UC San Diego
Performance-Based Cognitive Processing in Clinically Anxious Youths
- Author(s): Rozenman, Michelle Sherry
- et al.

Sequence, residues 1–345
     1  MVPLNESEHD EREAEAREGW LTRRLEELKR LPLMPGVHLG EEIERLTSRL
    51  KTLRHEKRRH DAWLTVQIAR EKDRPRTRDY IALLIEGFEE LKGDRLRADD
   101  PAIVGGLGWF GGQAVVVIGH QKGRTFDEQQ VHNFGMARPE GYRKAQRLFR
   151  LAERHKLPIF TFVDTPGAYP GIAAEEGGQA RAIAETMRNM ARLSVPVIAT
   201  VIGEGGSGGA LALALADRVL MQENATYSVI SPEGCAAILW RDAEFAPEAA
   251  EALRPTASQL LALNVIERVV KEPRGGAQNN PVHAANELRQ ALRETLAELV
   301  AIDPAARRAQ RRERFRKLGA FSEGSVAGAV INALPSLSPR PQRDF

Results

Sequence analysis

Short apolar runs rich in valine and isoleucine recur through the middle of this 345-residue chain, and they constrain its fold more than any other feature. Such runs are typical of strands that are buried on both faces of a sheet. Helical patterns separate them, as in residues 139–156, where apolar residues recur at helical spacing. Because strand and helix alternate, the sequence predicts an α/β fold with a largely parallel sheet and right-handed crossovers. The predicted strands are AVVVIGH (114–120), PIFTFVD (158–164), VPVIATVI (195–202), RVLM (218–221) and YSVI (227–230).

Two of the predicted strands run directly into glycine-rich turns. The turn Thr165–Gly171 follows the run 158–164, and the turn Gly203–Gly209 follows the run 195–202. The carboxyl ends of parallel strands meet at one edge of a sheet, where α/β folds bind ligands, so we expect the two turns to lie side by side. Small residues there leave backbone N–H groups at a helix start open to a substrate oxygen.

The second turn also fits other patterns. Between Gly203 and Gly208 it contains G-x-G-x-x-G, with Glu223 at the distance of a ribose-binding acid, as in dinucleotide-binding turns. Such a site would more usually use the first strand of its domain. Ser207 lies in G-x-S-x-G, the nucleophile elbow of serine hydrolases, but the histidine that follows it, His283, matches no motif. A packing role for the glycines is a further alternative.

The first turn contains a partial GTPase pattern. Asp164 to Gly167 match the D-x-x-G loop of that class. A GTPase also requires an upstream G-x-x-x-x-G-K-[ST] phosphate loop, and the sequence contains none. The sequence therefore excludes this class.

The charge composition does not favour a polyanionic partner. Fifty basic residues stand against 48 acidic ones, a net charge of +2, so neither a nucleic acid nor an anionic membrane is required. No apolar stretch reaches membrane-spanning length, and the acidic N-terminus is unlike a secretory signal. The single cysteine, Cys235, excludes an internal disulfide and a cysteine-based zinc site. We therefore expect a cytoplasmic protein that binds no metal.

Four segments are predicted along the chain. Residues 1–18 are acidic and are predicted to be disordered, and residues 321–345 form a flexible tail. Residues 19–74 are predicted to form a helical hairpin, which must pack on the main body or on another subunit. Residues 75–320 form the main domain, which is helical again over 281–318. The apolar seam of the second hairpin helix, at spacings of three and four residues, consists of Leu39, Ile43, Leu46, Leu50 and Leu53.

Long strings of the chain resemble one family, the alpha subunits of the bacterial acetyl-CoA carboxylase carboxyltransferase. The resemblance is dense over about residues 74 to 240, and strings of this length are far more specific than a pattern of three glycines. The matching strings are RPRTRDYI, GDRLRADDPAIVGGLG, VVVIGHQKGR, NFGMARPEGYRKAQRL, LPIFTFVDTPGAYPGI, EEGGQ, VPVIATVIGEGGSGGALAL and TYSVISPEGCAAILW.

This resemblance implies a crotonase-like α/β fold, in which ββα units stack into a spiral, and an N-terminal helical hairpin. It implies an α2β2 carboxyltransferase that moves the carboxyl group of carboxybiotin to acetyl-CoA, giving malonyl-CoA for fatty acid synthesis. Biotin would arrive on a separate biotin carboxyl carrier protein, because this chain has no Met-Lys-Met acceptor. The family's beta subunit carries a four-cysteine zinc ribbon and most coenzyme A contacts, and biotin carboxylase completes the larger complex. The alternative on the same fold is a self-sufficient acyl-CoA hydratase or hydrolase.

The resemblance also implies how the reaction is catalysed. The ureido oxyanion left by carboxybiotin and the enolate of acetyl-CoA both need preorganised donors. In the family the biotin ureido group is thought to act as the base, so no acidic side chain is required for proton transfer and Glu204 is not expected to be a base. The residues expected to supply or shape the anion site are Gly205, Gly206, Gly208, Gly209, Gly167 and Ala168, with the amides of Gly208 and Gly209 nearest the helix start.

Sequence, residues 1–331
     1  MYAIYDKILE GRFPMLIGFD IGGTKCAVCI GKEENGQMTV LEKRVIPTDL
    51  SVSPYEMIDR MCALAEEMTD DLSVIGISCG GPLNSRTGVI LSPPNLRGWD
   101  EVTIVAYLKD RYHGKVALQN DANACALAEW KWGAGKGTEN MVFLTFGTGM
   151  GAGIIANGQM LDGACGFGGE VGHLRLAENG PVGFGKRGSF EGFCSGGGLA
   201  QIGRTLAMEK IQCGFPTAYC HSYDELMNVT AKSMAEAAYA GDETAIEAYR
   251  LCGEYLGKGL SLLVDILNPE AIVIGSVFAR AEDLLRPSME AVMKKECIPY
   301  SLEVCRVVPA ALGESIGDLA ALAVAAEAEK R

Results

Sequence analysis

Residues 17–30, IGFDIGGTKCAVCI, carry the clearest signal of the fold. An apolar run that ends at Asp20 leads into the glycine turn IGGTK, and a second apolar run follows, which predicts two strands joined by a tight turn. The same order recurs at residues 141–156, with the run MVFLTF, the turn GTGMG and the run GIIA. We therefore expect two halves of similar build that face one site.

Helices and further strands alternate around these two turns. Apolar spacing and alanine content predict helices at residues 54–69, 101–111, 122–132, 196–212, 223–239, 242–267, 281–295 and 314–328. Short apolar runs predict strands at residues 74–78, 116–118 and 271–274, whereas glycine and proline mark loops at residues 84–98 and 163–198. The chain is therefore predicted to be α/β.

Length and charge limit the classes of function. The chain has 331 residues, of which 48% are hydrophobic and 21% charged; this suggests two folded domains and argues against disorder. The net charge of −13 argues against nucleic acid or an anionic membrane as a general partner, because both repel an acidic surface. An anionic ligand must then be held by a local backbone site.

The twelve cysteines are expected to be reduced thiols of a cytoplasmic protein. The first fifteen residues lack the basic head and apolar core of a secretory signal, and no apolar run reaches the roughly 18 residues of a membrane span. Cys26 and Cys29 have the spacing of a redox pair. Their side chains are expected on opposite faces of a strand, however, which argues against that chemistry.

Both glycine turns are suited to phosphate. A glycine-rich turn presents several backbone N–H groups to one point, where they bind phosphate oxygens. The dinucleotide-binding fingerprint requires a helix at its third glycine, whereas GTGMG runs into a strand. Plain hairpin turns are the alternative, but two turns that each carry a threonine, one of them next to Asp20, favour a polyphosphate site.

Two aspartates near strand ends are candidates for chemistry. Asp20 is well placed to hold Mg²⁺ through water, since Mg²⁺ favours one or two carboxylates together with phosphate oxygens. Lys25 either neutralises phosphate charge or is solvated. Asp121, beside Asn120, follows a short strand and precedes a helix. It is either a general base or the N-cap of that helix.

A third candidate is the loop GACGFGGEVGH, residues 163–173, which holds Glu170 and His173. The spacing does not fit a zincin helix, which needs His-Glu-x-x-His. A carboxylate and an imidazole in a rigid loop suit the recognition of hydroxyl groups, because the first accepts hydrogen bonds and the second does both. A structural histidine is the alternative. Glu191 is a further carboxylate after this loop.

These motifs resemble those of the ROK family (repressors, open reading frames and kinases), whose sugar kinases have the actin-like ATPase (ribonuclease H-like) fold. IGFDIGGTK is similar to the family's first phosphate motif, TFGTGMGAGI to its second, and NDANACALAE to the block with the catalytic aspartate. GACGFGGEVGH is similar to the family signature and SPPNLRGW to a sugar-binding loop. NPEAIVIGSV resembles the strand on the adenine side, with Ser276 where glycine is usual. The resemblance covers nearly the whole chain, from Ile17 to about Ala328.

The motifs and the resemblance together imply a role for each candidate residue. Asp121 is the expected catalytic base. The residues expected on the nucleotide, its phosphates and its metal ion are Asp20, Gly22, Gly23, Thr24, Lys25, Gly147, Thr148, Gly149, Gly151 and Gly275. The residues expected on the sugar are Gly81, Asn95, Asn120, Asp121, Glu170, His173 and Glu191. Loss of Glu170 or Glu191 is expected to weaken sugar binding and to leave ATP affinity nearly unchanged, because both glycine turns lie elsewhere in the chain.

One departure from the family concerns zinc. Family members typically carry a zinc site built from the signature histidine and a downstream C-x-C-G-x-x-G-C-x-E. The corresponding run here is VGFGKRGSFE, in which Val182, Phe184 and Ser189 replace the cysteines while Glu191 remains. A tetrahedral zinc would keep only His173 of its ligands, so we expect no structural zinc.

Anxiety is distressing, impairing, and the most prevalent mental health problem in children and adolescents. Theoretical models implicate biases in cognitive processes as underlying the development and maintenance of anxiety disorders. Yet little work has been done to test theoretical models of information processing (IP) in clinically anxious youths. The present dissertation sought to examine relationships between youth anxiety and the basic cognitive processes of attention and interpretation using performance-based methodology. The aims of this investigation were to: 1) empirically test the IP model of youth anxiety, specifically whether biased interpretation statistically mediates the association between biased attention and anxiety symptoms, 2) unpack the components of interpretation (i.e., threat valence judgments, speed of responding) on a performance-based task of interpretation bias, and 3) probe the impact of comorbid depressive symptoms on these cognitive processes. Youths (N=26, ages 9 to 17) and their primary caregivers completed diagnostic interviews and a comprehensive self- report battery, and youths completed performance-based assessments of attention and interpretation. In this sample, attention bias towards threat was significantly associated with percentage of negative interpretations endorsed (r=.46, p=.019). However, attention was not significantly related to anxiety symptoms, and the indirect effect of attention on anxiety through interpretation was not statistically significant. Negative interpretations of ambiguous information strongly predicted youth anxiety symptom severity, accounting for 46% of variance in clinician-rated anxiety severity. Deconstructing interpretation into its components, youth response latencies on the interpretation task as measured by threat and benign reaction time indices were not significantly associated with attention. Percentage of negative interpretations endorsed (r=.68, p<.001) and response latencies on the interpretation threat reaction time index (r=.45, p=.022) were significantly related to anxiety severity. Conversely, response latencies on the benign interpretation reaction time index were not related to anxiety. Finally, depressive symptoms were not significantly related to attention or to any of the components of interpretation assessed in this sample of clinically anxious youths. These findings provide preliminary evidence for a relationship between attention and interpretation biases, and stronger evidence for a relationship between interpretation bias and anxiety. Clinical and theoretical implications of this study are discussed